The IBC is intended to put the debtor back on its feet, not merely to enable recovery of the dues by the creditors.
An infrastructure company has successfully thwarted attempts by its lender bank to seize and auction off secured assets under the Securitisation and Reconstruction of Financial Assets and Enforcement of Securities Interest Act, 2002 (SARFAESI Act), by swiftly filing for bankruptcy under the Insolvency and Bankruptcy Code (IBC), before the sale under SARFAESI is concluded. The players in this drama are RCM Infrastructure Ltd and the Indian Overseas Bank (IOB).
Acting swiftly, RCM filed an application under Section 10 of the IBC. The Adjudicating Authority admitted the application on January 3, 2019, even though IOB opposed the admission, and imposed a moratorium under Section 14 of the IBC (essentially freezing any transactions involving the assets.) IOB, however, accepted the other 75 per cent of the bid amount on January 8, 2019 – after the moratorium was imposed.
Thus, the sale is confirmed, part payment received. Before the rest of the payment is made, the moratorium is brought in. IOB said the assets have been sold; RCM said, no. The matter moved to the National Company Law Appellate Tribunal (NCLT). Two issues were placed on the table of the Tribunal: (1) whether after imposition of moratorium any transaction done with respect to the assets of the Corporate Debtor/Corporate Applicant deemed to be valid or not; (2) whether provisions of IBC prevail over other laws?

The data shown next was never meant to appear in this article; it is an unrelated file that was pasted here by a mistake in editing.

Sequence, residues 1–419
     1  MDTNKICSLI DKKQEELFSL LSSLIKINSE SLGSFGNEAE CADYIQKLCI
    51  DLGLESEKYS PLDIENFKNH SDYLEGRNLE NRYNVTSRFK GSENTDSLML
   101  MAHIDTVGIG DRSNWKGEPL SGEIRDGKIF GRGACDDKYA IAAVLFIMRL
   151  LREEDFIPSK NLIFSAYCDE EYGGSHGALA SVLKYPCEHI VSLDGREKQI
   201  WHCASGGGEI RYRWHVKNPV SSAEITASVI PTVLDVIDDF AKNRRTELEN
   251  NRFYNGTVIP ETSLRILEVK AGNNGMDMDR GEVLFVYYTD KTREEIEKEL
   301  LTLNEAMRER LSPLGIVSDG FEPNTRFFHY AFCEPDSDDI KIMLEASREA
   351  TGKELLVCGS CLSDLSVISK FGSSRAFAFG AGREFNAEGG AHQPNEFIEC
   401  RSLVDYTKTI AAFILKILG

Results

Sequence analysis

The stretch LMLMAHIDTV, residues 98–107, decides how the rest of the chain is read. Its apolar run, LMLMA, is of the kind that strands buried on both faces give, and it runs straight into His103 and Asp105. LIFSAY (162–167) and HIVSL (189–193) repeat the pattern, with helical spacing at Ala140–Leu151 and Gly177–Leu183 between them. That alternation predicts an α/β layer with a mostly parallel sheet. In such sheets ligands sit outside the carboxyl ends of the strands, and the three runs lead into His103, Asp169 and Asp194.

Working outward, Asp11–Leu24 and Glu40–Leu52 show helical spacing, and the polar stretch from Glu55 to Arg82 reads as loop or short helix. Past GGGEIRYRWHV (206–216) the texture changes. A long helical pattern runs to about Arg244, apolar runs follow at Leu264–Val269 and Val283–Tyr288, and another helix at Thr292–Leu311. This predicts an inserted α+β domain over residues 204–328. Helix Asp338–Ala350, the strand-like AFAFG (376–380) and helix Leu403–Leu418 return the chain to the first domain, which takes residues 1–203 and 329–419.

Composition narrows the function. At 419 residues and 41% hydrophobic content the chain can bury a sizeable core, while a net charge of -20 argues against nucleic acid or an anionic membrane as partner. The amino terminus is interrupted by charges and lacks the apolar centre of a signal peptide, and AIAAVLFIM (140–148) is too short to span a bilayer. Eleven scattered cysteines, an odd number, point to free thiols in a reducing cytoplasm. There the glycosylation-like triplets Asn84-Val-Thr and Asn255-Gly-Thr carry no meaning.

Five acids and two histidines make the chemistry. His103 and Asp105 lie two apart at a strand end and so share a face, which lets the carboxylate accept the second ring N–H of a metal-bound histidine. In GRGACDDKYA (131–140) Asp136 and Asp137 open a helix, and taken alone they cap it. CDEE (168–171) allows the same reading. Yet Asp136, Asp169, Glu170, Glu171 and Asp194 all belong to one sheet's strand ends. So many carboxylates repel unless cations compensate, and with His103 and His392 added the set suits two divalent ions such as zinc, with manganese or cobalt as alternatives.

The Tribunal recently gave out its judgment, in favour of RCM. It said that Section 238 of the IBC, says: “The provisions of this Code shall have effect, notwithstanding anything inconsistent therewith contained in any other law for the time being in force.” The Tribunal cited its own judgment in an earlier case of Encore Asset Reconstruction Company Vs Charu Sandeep Desai, where it had said that Section 238 shall prevail over any provisions of the SARFAESI, if there was any inconsistency between IBC and SARFAESI.
“We are of the view that imposition of moratorium as per Section 14 of IBC is to protect the interest of the Corporate Debtor by protecting the assets of the Corporate Debtor for the sole objective to maximising the value of assets,” it said. It also stressed that the sale of assets during the moratorium was “against the spirit” of Section 14 of IBC.
Now, why should the IBC prevail over any other existing legislation? The judgment answers this question, citing a Supreme Court decision in the case of Arcelor Mittal (India) Ltd Vs Satish Kumar Gupta, where the apex court noted that “the primary focus of the legislation (IBC) is to ensure revival and continuance of the corporate debtor by protecting the corporate debtor from its own management and from a corporate death by liquidation.”
The IBC, therefore, is intended to put the debtor back on its feet, not merely to enable recovery of the dues by the creditors.